Abramelin the Mage / Agrippa / Aidan A Kelly / Albertus Magnus - “Albert the Great” / Aleister Crowley - “The Great Beast” / Alex Sanders - “King of the Witches” / Alison Harlow / Amber K / Anna Franklin / Anodea Judith / Anton Szandor LaVey / Arnold Crowther / Arthur Edward Waite / Austin Osman Spare / Biddy Early / Bridget Cleary - The Fairy Witch of Clonmel / Carl " Llewellyn" Weschcke / Cecil Hugh Williamson / Charles Godfrey Leland / Charles Walton / Christina Oakley Harrington / Damh the Bard - "Dave Smith" / Dion Fortune / Dolores Aschroft-Nowicki / Doreen Valiente / Dorothy Morrison / Dr. John Dee & Edward Kelly / Dr. Leo Louis Martello / Edward Fitch / Eleanor Ray Bone - “Matriarch of British Witchcraft” / Eliphas Levi / Ernest Thompson Seton / Ernest Westlake / Fiona Horne / Friedrich von Spee / Francis Barrett / Gavin and Yvonne Frost and the School and Church of Wicca / Gerald B. Gardner - The father of contemporary Witchcraft / Gwydion Pendderwen / Hans Holzer / Helen Duncan / Herman Slater - Horrible Herman / Isaac Bonewits / Israel Regardie / James "Cunning" Murrell - The Master of Witches / Janet Farrar and Gavin Bone / Jessie Wicker Bell - “Lady Sheba” / Johannes Junius - "The Burgomaster of Bamberg" / John Belham-Payne / John George Hohman - "Pow-wow" / John Gerard / John Gordon Hargrave and the Kibbo Kith Kindred / John Michael Greer / John Score / Joseph John Campbell / Karl von Eckartshausen / Laurie Cabot - "the Official Witch of Salem" / Lewis Spence / Margaret Alice Murray / Margot Adler / Marie Laveau - " the Voodoo Queen of New Orleans" / Marion Weinstein / Matthew Hopkins - “The Witch-Finder General” / Max Ehrmann and the "Desiderata" / Monique Wilson / Montague Summers / Nicholas Culpeper / Nicholas Remy / M. R. Sellars / Mrs. Maud Grieve - "A Modern Herbal" / Oberon Zell-Ravenheart and Morning Glory / Old Dorothy Clutterbuck / Old George Pickingill / Paddy Slade / Pamela Colman-Smith / Paracelsus / Patricia Crowther / Patricia Monaghan / Patricia “Trish” Telesco / Philip Heselton / Raymond Buckland / Reginald Scot / Robert Cochrane / Robert ‘von Ranke’ Graves and the "The White Goddess" / Rosaleen Norton - “The Witch of Kings Cross” / Ross Nichols and the " Order of Bards, Ovates & Druids" (OBOD) / Rudolf Steiner / Sabrina Underwood - "The Ink Witch" / Scott Cunningham / Selena Fox - founder of "Circle Sanctuary" / Silver Ravenwolf / Sir Francis Dashwood / Sir James George Frazer and the " The Golden Bough" / S.L. MacGregor Mathers and the “Hermetic Order of the Golden Dawn” / Starhawk / Stewart Farrar / Sybil Leek / Ted Andrews / The Mather Family - (includes: Richard Mather, Increase Mather and Cotton Mather ) / Thomas Ady / Vera Chapman / Victor & Cora Anderson and the " Feri Tradition" / Vivianne Crowley / Walter Brown Gibson / William Butler Yeats / Zsuzsanna Budapest /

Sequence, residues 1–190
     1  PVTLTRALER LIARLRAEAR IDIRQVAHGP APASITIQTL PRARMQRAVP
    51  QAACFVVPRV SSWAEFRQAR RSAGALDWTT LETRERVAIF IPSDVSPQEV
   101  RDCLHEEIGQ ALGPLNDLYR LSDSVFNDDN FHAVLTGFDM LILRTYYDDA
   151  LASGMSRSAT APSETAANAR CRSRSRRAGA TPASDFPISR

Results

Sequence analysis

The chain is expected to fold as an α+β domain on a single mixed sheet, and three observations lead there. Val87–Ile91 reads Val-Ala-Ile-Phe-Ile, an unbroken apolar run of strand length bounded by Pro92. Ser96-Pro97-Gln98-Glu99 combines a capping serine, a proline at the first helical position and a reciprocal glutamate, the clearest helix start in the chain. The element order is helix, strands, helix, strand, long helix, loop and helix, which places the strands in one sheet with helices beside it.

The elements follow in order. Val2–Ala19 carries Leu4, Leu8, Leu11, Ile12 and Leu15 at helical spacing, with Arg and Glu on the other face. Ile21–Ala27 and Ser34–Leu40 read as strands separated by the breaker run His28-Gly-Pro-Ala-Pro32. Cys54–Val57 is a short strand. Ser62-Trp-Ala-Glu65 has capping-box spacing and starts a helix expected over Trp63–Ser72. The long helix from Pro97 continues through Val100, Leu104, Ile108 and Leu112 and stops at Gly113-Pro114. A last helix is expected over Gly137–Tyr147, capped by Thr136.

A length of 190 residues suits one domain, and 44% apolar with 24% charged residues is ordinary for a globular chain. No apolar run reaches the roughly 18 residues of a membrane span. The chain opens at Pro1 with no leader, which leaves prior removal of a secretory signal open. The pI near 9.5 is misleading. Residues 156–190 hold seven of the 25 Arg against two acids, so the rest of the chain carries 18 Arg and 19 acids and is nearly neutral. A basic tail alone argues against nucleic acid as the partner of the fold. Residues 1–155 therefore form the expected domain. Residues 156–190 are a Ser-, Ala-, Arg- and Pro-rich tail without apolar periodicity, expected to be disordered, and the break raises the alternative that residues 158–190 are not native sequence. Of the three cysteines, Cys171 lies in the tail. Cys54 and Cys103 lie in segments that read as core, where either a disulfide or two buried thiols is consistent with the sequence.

Many of the above biographies are briefs and far from complete. If you know about any of these individuals and can help with additional information, please contact me privately at my email address below. Many thanks for reading :-)